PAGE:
Tuesday, August 19, 2014

Proof of Life

It is that time of year again.

There are tropical waves in the Atlantic basin. Rising Tide 9 has opened registration for this year's conference. UNO is seeking submissions for a book on post-Katrina writing.

“If you wrote, or remember reading, blogs/posts that should not be missed—because they crystallized the particular challenges of post-Katrina life, or maybe even inspired action for addressing them—I want to hear from you,”- Cynthia Joyce

That's how it starts. Scrolling through the Rising Tide archives and catch glimpses of Ashley fighting with the sound board, Greg chuckling at his own subversive (and wildly inappropriate) jokes, and Morwen's soft and resolute lines of questioning. Trying to recall who all took shots off that ski in the yacht club. Dusting off that copy of A Howling in the Wires - the first real attempt at an anthology I was aware of - thinking of that night at Mimi's where it seemed everyone got a turn at the microphone before anyone believed a noise ordinance might really shut the music down.

Times like these are for going back through the archives. Bouncing from weblog to weblog, finding out which ones are still active, which ones still have links going all the way back. There are posts there you remember reading the day they published, there are posts there you see for the first time. See how many have changed over the years.* Those that are already gone provide some scope of how easy it is to lose our own history, how fragile it is to capture.

I wish Ms. Joyce well. I think it is important work.

For myself, when I do this, around this time every year, I usually start as far back as possible. Back when I didn't really have the sense of how to pay attention to stuff like this. That's where I find the most work I missed - that time where so much of the writing sounded like it was looking for or giving proof of life.

After a catastostrophic event and the ongoing catastrophic aftermath, bathing in the nude in front of the house is quite liberating after the first few minutes... I don't recommend this for all catastrophic events - preferably one where most people have evacuated... pick and choose your event carefully. - Gulfsails, September 2005 
These people have shocked me out of my delusional complacency, we are not fine down here. All is not well - but there are these bright pockets where, with no better way to put it and apologizing beforehand for the mellodrama... God sleeps on a cot in a Winn-Dixie parking lot caring for kittens.  - Gulfsails, October 2005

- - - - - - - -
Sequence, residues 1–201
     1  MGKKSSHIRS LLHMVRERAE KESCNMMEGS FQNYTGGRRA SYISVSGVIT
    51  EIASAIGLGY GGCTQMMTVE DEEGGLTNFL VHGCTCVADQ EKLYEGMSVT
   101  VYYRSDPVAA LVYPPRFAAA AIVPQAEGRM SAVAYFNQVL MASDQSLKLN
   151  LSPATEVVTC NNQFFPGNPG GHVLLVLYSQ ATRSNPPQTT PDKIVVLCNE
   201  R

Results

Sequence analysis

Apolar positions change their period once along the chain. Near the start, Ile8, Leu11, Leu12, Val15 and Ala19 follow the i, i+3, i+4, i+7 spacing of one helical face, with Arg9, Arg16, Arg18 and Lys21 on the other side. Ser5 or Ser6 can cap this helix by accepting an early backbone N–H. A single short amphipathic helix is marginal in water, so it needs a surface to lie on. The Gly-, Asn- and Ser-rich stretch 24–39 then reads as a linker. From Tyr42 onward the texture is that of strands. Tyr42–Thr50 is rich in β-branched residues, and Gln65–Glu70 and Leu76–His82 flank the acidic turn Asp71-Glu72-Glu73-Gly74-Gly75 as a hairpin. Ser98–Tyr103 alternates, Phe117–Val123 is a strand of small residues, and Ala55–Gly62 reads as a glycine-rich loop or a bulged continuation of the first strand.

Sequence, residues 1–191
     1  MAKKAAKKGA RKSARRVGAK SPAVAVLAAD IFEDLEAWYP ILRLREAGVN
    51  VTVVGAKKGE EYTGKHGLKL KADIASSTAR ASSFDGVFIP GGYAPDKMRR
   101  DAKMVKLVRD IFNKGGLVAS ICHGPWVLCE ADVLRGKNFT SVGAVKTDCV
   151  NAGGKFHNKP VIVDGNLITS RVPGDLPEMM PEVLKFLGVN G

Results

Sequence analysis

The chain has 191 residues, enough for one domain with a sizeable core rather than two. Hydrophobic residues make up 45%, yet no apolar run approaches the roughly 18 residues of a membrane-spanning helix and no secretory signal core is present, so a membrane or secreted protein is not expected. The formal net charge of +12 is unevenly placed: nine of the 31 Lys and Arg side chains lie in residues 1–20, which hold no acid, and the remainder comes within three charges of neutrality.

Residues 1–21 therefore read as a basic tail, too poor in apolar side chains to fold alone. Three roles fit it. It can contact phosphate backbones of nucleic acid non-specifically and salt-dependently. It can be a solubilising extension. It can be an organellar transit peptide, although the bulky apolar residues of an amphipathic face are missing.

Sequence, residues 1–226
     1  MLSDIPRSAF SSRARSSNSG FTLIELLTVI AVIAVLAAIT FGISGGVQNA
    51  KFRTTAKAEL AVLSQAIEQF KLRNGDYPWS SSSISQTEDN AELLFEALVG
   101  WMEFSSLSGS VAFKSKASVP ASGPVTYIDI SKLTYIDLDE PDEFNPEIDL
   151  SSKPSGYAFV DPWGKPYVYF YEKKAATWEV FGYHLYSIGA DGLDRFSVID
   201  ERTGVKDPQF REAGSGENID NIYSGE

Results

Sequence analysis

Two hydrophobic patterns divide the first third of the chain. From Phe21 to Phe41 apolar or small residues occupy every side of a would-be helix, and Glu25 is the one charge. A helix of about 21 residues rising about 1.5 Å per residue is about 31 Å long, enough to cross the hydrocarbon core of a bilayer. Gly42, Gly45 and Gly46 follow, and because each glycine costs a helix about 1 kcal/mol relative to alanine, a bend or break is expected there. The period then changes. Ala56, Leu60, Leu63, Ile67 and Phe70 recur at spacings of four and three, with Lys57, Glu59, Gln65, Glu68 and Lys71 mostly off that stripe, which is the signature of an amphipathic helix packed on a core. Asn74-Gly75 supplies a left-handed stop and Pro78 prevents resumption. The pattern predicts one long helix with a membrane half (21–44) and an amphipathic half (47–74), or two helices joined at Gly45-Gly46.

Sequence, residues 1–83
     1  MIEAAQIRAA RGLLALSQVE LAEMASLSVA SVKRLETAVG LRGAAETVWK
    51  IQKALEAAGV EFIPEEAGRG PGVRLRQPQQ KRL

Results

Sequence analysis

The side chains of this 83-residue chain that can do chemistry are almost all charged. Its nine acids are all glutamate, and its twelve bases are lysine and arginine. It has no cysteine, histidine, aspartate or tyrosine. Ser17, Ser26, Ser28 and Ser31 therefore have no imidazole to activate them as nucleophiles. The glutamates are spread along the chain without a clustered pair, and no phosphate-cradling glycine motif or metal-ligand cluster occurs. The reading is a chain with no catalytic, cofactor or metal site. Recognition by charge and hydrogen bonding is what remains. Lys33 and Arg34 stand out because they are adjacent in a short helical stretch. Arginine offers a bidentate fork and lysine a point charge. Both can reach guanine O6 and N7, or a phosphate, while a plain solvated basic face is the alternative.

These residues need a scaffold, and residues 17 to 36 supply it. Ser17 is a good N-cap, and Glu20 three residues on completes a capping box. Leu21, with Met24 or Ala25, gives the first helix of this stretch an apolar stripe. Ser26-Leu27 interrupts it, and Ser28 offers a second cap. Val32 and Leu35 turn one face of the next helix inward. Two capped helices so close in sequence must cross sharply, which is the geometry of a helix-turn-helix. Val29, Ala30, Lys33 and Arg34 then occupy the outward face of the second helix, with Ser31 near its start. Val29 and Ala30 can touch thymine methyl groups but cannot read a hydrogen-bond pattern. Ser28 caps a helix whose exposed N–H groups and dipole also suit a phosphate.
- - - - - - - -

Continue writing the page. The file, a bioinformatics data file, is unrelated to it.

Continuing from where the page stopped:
Of Men in Trucks & Mardi Gras:
They run red lights and stop signs and turn in front of you like you’re not there. They have no use for civil society. I’m glad they’re here–a nice pair of them gutted my mama’s house–but I can’t wait ’til they’re fucking gone. - G-Bitch, December 2005  
I love Mardi Gras only slightly less than Jazz Fest. My priority today was not grading the 23 essays I received Friday. (to clear my plate for the 20 I receive Monday) or the 4 lesson plans I need by Monday morning or getting my office computer to my office space or the pre-midterm alerts to students at risk of failing—it was getting to the grocery store, before parades trap me in my home, to lay in supplies for a weekend of parades and grilling and drinking. I’m a New Orleanian with New Orleanian priorities. - G-Bitch, February 2006
Prescient visions of Dizneylandrieu:
Imagine if you will a New Orleans without Mardi Gras Indians; without neighborhoods where young boys actually want to learn to play the trombone, so they can march proudly at the head of the parade; without the little neighborhood restaurants where Creole cooking was perfected before we gave it to the world; without the little bars where every generation of musicians have played for a circle of friends and neighbors before they took our music into the world. - Wet Bank Guide, September 2005
Hardships
Hearing about seven fatal stress related heart attacks, in people ranging from 83 to 20, over the course of three days is overwhelming. These seven came from every ethnic and socio-economic group. The stress is an equal opportunity killer, it seems. When you see all the reports about structures and dollars, please remember the humans involved. They seem to be getting lost in the shuffle now that they're off the roofs and off your TV screens. - NOLA Slate, March 2006
This picture. Christmas 2005.

When people visited. This could have been written at any time in the last 9 years.
I managed to hold it together enough to communicate how difficult it was for people to rebuild in these areas that the city, the state, the country was willing to write off before I dropped my charges off at the edge of the French Quarter. I’ve been racking my brains ever since for the reasons why this particular tour felt different from many others I’ve given since we moved back to New Orleans in 2006. Not too long ago, I complained that New Orleans since the levee breaches had become a cause, not a city. I think now that I was wrong. - Liprap on Humid City, April, 2012
Song references.
Emmylou Harris once said on "A Prairie Home Companion" that she wrote to Pete Seeger when she was much younger, telling him she didn't feel she could be a folksinger because she hadn't suffered enough. 
Seeger's one word response was, "Wait." - Liprap, November 2006



(*What the heck is this?)